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February 7, 2002 Love gets a hand from Michael Golden and friends



Michael Golden

Michael Golden jazzes it up after his day job.

Photo by Francisco Reyes

by Robert Scalia

On stage, Michael Golden looks like the perfect crooner. He keeps his fingers snapping and his shoulders swinging, as if riding the crest of the sound wave pulsating from Robin Chemtov’s piano.

Their rendition of Lulu’s Back in Town struggles against the buzz of conversation and a grinding cappuccino machine. Golden sings on, unshaken, smiling and scanning his audience at Upstairs Jazz Club for signs of approval.

“I like to see how many couples we can get kissing throughout the whole night.” He counted four lip-locked couples last week alone.

“Maybe we said the word ‘love’ 80 times that night and created an atmosphere where people felt comfortable making out,” he said, sipping on water with no ice between sets. “To expect an audience to listen to every word from beginning to end is unrealistic.”

For this duet, carving out a name in Montreal’s all-too-quiet jazz scene is far more important than hushing audience members who are just trying to have dinner.

“There used to be [jazz] clubs on every street corner in this city,” Golden says, as Chemtov agrees. “It’s not like that any more. You’ve got to have thick skin in this business.”

The 24-year-old 2001 Concordia music graduate got his first taste of the business at age 9, landing the role of Spencer Green on The Rockets, a weekly national children’s series. Born into a musical family in Winnipeg, Golden remembers performing for relatives before elementary school. He was into musical theatre by the fifth grade. “I was doing it before I was thinking about doing it.”

Golden left Winnipeg to take part in a Concordia theatre production of Stephen Sondheim’s take on the Brothers Grimm, called Into the Woods. There he met Professor Andrew Homzy, who would introduce him to the beautiful complexities of jazz and convince him to pursue a degree in jazz composition and performance.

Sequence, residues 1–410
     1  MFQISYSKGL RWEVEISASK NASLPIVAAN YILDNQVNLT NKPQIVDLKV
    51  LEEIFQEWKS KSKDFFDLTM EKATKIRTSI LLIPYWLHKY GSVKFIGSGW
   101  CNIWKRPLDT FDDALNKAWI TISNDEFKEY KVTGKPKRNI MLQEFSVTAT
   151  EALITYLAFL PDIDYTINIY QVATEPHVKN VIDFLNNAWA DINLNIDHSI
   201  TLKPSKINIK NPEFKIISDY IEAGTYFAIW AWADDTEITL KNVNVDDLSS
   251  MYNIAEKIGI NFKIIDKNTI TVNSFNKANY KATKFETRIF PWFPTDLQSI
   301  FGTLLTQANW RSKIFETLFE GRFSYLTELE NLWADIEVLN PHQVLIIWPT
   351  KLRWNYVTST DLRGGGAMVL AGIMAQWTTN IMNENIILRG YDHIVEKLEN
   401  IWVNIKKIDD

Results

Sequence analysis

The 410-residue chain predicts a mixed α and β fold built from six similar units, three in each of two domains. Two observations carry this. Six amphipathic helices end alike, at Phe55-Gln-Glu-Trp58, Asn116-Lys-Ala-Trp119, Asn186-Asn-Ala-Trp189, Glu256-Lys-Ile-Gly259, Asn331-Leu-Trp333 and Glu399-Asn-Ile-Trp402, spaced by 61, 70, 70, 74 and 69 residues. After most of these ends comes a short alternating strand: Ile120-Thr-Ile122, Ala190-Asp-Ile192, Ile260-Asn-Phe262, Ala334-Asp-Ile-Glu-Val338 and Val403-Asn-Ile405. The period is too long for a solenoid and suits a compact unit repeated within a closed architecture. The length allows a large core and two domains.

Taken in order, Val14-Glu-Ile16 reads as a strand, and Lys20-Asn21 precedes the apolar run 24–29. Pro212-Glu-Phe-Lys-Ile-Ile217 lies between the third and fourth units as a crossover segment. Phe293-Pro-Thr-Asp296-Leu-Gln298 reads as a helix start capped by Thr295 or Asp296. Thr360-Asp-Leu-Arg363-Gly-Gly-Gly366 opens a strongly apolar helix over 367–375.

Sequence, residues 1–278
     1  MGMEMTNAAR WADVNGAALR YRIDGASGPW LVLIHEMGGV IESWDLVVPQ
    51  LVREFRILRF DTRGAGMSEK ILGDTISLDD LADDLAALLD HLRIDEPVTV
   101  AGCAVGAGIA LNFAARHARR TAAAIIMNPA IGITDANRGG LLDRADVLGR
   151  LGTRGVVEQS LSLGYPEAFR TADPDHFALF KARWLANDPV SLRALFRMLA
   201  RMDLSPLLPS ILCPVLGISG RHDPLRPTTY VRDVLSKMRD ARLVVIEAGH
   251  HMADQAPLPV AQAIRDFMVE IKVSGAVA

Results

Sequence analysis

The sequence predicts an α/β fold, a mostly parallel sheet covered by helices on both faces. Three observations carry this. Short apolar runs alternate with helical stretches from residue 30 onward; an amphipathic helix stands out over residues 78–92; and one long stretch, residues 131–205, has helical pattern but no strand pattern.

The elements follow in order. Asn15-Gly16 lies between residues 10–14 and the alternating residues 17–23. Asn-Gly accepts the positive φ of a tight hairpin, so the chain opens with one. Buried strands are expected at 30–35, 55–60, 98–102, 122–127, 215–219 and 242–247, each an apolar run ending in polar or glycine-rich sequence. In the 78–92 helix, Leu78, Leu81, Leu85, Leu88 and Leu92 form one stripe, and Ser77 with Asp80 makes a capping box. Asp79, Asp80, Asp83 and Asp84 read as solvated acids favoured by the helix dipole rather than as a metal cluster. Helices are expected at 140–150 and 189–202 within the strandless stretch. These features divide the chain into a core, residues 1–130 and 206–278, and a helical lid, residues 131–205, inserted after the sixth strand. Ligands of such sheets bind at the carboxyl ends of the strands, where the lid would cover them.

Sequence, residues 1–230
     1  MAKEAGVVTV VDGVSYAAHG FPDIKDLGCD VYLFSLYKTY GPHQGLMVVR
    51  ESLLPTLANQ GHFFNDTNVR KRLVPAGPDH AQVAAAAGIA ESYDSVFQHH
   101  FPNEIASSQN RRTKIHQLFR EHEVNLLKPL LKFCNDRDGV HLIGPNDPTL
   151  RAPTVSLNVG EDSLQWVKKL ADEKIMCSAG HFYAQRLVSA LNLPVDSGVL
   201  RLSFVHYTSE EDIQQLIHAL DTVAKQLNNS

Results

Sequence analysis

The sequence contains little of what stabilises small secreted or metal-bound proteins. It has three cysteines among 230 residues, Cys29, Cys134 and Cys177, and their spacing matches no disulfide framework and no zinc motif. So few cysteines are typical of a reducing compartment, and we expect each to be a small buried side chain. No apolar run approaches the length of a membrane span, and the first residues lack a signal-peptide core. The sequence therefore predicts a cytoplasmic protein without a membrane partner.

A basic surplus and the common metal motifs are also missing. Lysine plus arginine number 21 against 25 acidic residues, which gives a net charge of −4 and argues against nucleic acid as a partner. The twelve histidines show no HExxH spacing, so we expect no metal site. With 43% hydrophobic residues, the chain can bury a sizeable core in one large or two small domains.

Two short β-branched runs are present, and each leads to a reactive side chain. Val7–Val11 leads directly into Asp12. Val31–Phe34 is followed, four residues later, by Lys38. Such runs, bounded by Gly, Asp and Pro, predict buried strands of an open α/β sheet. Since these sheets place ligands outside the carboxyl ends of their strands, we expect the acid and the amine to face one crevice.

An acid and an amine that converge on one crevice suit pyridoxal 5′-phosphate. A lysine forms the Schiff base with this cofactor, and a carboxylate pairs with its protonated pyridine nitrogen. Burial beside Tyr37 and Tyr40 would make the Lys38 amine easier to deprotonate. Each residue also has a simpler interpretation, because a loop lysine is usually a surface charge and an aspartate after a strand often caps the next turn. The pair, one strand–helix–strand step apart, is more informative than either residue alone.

“For me, Concordia was a great fit.” Several teachers helped him tackle the spiritual side of music, something he sorely needed. Golden was introduced to vocalese, a style developed by such bebop artists as Eddie Jefferson and Jon Hendricks that involves setting established instrumental jazz solos to lyrics and singing them.

Golden is now coordinator of student life in the Dean of Students Office. Despite the security of a nine-to-five job, he has not lost sight of his true ambition.
“I want to be a jazz star,” he said, glancing at Chemtov before breaking out into a fit of laughter. “I feel like I’m on the right track: working with the right people and making the right connections.”

Chemtov is one of those connections. A graduate of Concordia and McGill, Chemtov now teaches the jazz choir course at Concordia. The two have been working together for over a year and are presently cutting their first professional album.

It will include some of their original music and will serve as a calling card for future gigs, perhaps even the Montreal International Jazz Festival. Both admit the road ahead will be anything but easy.

“I think that [live jazz] is generally on the decline in North America,” says Chemtov, who has been performing in Montreal for more than 10 years.

He admits that there are opportunities for jazz musicians on cruise ships and in countries like Japan and Saudi Arabia. However, having a wife and two young children have forced him to rethink some of his career ambitions.

“Before, it used to be about working the music, and having a good time. Now, I can’t really get near a piano without getting jumped on by my kids.”

For Chemtov, this simply means turning down three-month cruise gigs for shorter ones, like a recent two-week stint off the coast of Alaska. He recently spent eight days performing in Vienna.

Golden, meanwhile, is keeping his options open.

“I definitely want to work in Vegas one day — it just makes sense,”” he says lightheartedly. Though he has never been, he hears it’s a trap.

“I don’t want to be 55 years old and wake up in a hotel room [celebrating] my 20th anniversary with some piano player named Frank.” Not that there’s anything wrong with that, of course.

The Michael Golden Quartet performs with guest vocalist Coral Egan at Upstairs Jazz Club, 1254 Mackay St., on Feb. 14, Valentine’s Day.